Nov. 26, 1942, 75 years ago Casablanca premieres in New York City.
AFI’s top 100 list and similarly regarded by many other critics. You can quibble with its exact rank, but it’s at least undeniable how iconic Casablanca remains. Even now, more than 70 years after its 1942 release, few movies have ever produced.Casablanca is widely remembered as one of the greatest films of all time, coming in at #2 on the
But when I think of the film, the first thing that comes to my mind isn’t “Here’s looking at you, kid,” or “We’ll always have Paris,” or the song “As Time Goes By,” or any of the other often best-remembered parts. For me, it’s always “La Marseillaise” — the dueling anthems between French refugees and their German occupants singing “Die Wacht am Rhein.” I’ve never found a movie scene yet that can match it. So now, at a time when people are once again turning to “La Marseillaise” for comfort in the face of adversity, I wanted to revisit what makes this scene so powerful.
The scene marks a major turning point in the film. Directly preceding this scene, the bar owner Rick (Humphrey Bogart) refuses to give or sell letters of transit to the war hero/revolutionary Victor Laszlo (Paul Heinreid). The letters of transit are the only hope of freedom for Victor, and his only chance at returning to his efforts at insurgency against the Nazis; Rick knows this, but is still too hurt and bitter that his lost love Ilsa (Ingrid Bergman) has chosen Victor over him. Rick’s refusal is essentially a Nazi victory, despite his careful attempts at framing his (in)actions as simple neutrality. The Germans, led by Major Strausser (Conrad Veidt), have established a de facto control over Casablanca, acting through the openly self-interested French Captain Louis Renault (Claude Rains).
After “La Marseillaise,” everything changes. The uneasy stalemate between Victor Laszlo and Major Strausser can no longer continue in the face of such open defiance of German power. Strausser orders Renault to find a pretense to shut down Rick’s — leading to arguably the film’s best exchange of dialogue. Strausser uses Ilsa to increase the pressure on Victor. Everything kicks into gear, as now Rick, Ilsa, Victor, and Louis are all forced into unpleasant decisions that will push the film toward its climax.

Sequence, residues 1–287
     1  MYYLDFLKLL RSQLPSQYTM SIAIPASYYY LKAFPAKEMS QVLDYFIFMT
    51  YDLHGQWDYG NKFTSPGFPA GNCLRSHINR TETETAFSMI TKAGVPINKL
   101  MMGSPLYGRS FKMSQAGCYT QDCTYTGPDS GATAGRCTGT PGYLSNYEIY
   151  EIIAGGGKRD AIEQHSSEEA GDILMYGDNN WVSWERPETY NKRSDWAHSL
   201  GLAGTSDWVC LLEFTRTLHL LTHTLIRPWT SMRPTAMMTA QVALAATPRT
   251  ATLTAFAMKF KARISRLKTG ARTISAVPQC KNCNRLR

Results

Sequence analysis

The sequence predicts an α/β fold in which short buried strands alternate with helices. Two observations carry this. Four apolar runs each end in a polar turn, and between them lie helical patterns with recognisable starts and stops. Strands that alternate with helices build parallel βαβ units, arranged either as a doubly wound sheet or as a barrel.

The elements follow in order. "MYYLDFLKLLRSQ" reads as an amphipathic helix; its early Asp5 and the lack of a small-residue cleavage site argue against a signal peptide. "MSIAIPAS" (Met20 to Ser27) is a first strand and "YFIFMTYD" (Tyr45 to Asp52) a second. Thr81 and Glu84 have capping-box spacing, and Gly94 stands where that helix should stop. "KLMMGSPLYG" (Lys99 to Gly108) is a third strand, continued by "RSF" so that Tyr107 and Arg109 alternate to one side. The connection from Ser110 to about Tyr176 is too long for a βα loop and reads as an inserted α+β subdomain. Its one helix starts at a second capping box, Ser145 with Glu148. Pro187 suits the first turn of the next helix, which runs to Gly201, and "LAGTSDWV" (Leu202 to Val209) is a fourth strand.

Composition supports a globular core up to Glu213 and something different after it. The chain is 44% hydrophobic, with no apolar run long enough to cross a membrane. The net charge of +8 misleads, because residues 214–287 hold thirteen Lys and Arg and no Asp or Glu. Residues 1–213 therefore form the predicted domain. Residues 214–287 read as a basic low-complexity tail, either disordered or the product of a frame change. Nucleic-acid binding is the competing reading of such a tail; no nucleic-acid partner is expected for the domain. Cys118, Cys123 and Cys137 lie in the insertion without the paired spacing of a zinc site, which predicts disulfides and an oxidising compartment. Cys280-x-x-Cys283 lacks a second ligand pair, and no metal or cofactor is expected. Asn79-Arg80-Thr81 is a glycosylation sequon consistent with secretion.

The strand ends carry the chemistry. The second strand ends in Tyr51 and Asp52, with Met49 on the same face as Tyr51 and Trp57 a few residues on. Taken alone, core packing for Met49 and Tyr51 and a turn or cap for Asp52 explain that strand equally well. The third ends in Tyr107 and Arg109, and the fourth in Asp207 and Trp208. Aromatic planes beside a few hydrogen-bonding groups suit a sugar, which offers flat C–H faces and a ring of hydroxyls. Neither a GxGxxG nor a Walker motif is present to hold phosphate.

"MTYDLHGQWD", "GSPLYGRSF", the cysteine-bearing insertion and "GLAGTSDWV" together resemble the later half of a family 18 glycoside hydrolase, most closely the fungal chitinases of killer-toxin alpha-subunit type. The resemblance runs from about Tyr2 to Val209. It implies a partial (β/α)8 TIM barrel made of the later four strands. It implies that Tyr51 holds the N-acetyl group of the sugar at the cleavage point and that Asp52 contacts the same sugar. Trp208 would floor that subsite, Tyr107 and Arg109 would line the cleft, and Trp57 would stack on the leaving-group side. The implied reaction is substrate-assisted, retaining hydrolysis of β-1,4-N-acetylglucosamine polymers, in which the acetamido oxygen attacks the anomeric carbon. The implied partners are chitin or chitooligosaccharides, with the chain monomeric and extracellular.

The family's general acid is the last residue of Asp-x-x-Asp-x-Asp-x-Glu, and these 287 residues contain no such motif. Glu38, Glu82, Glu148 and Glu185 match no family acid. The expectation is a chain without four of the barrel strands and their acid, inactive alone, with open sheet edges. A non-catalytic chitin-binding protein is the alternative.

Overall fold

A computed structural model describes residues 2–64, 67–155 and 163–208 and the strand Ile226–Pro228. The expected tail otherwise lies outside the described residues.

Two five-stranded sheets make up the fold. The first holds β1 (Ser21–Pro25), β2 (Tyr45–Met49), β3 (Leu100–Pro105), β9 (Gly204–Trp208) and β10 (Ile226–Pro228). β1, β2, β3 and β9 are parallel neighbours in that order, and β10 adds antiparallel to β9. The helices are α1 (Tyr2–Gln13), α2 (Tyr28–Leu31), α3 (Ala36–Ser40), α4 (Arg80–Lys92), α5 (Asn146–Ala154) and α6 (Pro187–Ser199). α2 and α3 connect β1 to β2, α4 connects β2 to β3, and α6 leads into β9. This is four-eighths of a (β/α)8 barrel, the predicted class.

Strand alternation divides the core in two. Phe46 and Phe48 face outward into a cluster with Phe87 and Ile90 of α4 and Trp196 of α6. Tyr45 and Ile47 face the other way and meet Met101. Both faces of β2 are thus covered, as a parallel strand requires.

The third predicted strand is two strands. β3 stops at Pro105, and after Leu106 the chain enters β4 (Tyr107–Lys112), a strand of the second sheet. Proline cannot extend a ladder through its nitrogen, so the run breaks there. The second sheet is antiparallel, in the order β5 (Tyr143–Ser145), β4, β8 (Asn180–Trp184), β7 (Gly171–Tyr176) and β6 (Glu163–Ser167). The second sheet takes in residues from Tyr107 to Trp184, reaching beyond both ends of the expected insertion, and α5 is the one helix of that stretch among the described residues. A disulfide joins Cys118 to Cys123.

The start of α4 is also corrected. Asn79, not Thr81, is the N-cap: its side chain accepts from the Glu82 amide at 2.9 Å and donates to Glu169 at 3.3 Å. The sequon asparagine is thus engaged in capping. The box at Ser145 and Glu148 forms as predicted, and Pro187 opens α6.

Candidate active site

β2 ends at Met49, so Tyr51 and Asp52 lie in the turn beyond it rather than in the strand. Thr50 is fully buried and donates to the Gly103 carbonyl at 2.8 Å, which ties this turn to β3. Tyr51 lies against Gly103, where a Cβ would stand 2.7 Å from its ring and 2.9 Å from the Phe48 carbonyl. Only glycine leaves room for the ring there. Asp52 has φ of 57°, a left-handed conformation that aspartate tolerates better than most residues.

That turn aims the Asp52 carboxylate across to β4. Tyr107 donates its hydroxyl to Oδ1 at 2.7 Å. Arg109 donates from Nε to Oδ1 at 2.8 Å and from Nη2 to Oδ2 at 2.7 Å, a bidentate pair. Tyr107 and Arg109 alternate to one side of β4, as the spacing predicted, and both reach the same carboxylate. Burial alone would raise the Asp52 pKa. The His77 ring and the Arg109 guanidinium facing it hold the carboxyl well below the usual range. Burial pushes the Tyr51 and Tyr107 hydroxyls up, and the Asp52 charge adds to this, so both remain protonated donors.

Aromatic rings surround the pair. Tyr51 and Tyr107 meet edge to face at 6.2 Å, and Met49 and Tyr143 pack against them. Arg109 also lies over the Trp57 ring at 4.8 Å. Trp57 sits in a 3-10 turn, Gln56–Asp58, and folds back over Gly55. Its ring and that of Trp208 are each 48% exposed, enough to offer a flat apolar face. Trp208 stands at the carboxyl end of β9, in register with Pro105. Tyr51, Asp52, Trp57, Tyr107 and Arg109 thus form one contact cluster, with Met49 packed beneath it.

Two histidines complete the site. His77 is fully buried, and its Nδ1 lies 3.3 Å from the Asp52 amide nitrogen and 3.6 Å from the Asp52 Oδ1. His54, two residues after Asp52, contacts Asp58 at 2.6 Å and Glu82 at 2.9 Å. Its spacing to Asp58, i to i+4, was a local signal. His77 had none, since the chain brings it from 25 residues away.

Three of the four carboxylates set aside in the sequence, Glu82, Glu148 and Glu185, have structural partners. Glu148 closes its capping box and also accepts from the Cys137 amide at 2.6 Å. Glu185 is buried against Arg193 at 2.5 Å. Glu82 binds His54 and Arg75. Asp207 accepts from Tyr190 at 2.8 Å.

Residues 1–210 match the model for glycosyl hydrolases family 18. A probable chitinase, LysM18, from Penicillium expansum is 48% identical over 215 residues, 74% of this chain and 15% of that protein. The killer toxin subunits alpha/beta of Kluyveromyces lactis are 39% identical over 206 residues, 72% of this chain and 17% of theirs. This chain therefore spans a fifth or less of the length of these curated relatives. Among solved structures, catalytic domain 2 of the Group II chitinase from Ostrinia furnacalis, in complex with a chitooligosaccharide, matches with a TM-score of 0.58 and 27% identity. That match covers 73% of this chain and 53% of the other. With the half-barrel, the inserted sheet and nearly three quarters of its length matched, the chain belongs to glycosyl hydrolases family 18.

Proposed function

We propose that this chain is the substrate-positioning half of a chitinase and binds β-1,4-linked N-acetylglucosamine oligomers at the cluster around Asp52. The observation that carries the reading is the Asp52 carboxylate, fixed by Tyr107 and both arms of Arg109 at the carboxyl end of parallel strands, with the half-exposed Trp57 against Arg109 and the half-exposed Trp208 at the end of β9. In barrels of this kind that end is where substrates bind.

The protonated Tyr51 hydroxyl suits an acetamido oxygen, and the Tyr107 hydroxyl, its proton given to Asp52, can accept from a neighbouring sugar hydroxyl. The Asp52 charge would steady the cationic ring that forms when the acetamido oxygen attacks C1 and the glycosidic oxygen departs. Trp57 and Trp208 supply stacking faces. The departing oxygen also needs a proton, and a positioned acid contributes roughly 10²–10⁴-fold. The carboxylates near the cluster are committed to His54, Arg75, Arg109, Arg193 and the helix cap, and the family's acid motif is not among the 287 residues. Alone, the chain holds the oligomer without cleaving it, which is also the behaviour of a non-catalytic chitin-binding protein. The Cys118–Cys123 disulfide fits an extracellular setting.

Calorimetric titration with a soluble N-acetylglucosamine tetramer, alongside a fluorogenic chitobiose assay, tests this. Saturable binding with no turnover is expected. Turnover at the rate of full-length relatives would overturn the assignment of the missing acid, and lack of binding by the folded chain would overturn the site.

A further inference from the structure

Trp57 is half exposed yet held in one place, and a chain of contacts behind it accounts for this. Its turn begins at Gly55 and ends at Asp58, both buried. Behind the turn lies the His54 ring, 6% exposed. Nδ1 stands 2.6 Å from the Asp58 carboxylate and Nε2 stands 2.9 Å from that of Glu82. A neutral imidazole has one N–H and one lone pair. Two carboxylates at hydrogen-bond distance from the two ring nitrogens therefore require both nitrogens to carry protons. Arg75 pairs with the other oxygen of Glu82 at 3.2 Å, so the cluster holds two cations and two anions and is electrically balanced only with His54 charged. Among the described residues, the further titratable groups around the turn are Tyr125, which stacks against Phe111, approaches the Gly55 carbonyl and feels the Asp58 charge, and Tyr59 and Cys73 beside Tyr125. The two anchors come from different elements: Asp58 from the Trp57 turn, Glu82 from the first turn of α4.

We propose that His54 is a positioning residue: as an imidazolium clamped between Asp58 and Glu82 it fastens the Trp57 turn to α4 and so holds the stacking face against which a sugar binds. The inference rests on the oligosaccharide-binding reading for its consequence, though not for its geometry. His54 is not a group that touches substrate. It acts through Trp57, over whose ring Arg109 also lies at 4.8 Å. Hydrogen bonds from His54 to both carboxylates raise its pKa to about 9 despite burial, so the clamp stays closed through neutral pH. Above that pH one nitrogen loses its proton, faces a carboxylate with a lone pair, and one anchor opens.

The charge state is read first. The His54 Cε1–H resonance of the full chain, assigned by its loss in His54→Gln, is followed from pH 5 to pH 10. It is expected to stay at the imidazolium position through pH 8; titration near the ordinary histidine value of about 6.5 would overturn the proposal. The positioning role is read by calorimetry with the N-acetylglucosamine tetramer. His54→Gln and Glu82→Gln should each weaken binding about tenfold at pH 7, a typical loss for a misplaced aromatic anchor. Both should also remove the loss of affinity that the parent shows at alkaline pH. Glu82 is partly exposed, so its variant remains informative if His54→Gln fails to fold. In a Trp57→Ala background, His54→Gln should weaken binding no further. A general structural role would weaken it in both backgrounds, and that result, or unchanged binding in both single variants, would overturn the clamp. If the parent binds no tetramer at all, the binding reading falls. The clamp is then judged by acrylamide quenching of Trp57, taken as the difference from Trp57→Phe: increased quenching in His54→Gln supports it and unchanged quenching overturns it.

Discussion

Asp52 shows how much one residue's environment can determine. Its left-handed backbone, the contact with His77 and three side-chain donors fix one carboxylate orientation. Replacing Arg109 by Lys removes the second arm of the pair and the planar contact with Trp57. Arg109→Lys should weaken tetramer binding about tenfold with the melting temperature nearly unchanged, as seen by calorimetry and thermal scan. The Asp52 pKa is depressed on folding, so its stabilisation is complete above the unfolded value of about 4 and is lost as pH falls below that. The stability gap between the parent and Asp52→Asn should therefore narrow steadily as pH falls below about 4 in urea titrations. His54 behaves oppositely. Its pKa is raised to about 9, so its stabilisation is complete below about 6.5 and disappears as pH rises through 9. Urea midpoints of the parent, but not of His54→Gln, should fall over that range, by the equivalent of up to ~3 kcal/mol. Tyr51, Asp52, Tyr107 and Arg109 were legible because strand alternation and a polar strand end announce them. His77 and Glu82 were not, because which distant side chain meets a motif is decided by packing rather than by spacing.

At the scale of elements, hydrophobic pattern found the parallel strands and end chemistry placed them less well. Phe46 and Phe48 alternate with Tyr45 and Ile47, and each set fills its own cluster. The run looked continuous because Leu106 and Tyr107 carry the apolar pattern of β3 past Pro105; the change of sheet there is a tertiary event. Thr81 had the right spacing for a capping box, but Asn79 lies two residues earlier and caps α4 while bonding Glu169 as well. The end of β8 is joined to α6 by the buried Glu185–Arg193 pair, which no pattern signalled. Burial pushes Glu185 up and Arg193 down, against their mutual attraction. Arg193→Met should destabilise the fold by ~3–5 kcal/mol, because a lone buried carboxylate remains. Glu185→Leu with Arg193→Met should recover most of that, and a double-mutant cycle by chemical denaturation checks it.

And it all begins with the anthems. As Rick and Victor are ending their disagreement, they hear the German soldiers in the bar below, joyfully and triumphantly singing “Die Wacht am Rhein.” The rest of the bar is made up largely of refugees from the German war machine, so the anthem feels almost like taunting, a callous display of German power over people seeking to escape their conquering. Even the ever-compliant Louis looks on at the singing with an expression that could be construed as disapproval, before glancing toward Rick to see what he’ll do. (Rick is a constant source of curiosity for Louis throughout the film.) This expression is the first and barest foreshadowing we receive of Louis’s eventual turn.
Victor spends only seconds taking in the scene in front of him before marching straight down to the bar’s band. As he passes, we see Ilsa watch him go by with a look of only partially contained dread. She knows this man and exactly what he’s about to do.
Victor reaches the band and immediately demands that they play “La Marseillaise,” the French national anthem. Here we see, for the first and perhaps only time, what has made Victor such an important figure. There’s such a fierceness to him, an intensity that comes bursting out as he repeats his demand — “Play it” — less than second after first making it.
The band leader looks first to Rick for approval; the film had already established previously the absolute loyalty that Rick receives from his employees, in a scene where the bartender cuts off a patron on Rick’s orders despite protests for one more drink. Nothing that follows can happen without Rick’s assent. Bogart’s nod is such a small gesture, but carries such enormous weight. This is the first moment of Rick choosing a side, of joining in resistance in some small way.
The band launches into “La Marseillaise” with Victor leading the singing, and within two seconds, the entire bar (except the Germans) has stood and joined him. Everyone was ready and waiting for this to happen, even if they didn’t know it: the kindling was already there, and Victor was the spark to light it. Major Strausser makes one attempt to rouse his soldiers into louder voices, but it’s no use. The Germans are but one small enclave, finding themselves within a community that’s filled with less traditional power but greater numbers and far superior zeal. Within moments, “La Marseillaise” has drowned out “Die Wacht am Rhein.”
Strausser is forced to give up and sit down in anger … (read more)